Why Sound Money Is “Green” and Central Banks Aren’t
[Editor’s note: this is a special preview—for Mises Wire readers—of Europe’s Century of Crises under Dollar Hegemony: A Dialogue on the Global Tyranny of Unsound Money, a dialogue book by Brendan Brown and Philippe Simonnot newly published by Palgrave Macmillan.]
Although many central bankers have claimed the central banks are instrumental in ushering in a more green economy, a closer look suggests central banks are anything but “green.” In fact, a sound money economy might be a much more effective tool in improving the physical environment.
Ecology is where statism and socialism now have their revenge on capitalism, which stands accused of responsibility for all maladies, especially the running down of our planet’s resources and degradation of climatic conditions. Let us discuss the multiple flaws in this indictment:
First, capitalism has nothing to do with these problems. Marx himself described how the “fanatical perseverance of capitalists to economize on the means of production implies that these are only consumed as economically as possible—nothing gets lost or wasted.”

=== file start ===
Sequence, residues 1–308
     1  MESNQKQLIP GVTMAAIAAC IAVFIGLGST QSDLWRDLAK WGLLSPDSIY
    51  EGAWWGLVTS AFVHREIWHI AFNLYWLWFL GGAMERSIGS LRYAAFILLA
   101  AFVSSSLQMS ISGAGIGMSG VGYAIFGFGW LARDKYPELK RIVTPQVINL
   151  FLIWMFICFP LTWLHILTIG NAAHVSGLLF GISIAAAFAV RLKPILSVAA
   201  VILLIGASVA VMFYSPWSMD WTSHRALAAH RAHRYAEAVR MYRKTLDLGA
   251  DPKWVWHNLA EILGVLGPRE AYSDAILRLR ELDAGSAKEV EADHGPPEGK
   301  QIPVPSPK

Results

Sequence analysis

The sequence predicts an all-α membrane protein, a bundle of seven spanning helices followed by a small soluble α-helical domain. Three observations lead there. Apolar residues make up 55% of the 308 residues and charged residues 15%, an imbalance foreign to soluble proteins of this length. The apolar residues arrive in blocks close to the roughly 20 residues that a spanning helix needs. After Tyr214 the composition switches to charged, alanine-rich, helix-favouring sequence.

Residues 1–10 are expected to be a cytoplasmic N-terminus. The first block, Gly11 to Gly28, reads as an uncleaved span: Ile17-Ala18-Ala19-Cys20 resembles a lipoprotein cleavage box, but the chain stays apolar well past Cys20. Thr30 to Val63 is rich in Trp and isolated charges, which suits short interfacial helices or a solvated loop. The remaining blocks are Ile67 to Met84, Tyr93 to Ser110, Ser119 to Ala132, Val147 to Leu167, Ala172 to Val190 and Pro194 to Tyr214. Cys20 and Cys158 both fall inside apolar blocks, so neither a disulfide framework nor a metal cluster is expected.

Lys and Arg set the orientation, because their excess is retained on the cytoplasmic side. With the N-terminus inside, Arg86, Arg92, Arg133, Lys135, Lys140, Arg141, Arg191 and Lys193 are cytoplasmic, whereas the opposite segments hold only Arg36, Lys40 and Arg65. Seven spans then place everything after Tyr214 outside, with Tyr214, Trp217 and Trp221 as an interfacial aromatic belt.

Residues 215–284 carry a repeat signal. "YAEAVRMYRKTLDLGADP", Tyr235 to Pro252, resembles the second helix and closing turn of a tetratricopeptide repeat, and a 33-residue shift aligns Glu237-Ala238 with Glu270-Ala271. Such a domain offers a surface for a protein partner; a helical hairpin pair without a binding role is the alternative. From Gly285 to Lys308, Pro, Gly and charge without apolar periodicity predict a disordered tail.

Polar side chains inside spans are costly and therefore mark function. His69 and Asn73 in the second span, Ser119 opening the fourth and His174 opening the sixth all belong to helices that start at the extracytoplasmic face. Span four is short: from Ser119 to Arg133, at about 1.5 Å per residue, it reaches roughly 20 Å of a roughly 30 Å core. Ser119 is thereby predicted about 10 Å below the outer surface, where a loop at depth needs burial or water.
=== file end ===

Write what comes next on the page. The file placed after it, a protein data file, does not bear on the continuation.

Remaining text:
Second, economists defending capitalism have been the pioneers of research on “externalities” and “public goods” and have proposed solutions (for example carbon pricing) which respect in principle the laws of the market and have had significant positive effects.
Third, capitalism ravaged by unsound money is a source of waste and erroneous investment spending. Capitalism underpinned by sound money, founded on the principles of the gold standard, would be better at finding solutions to problems of the environment, because such a monetary regime is anchored in a real commodity, gold, and not on fictional assets as in the present unsound money regime.
Fourth, the ecologists should be the first to defend a return to the gold standard or at least to a monetary regime respecting the same principles of reality.
There are several ways in which unsound money impedes the “invisible hands” from guiding efficient allocation of resources in the face of environmental dangers. All of these involve the corrupting influences of monetary inflation.
First, investors eschew long-gestation investments, inc
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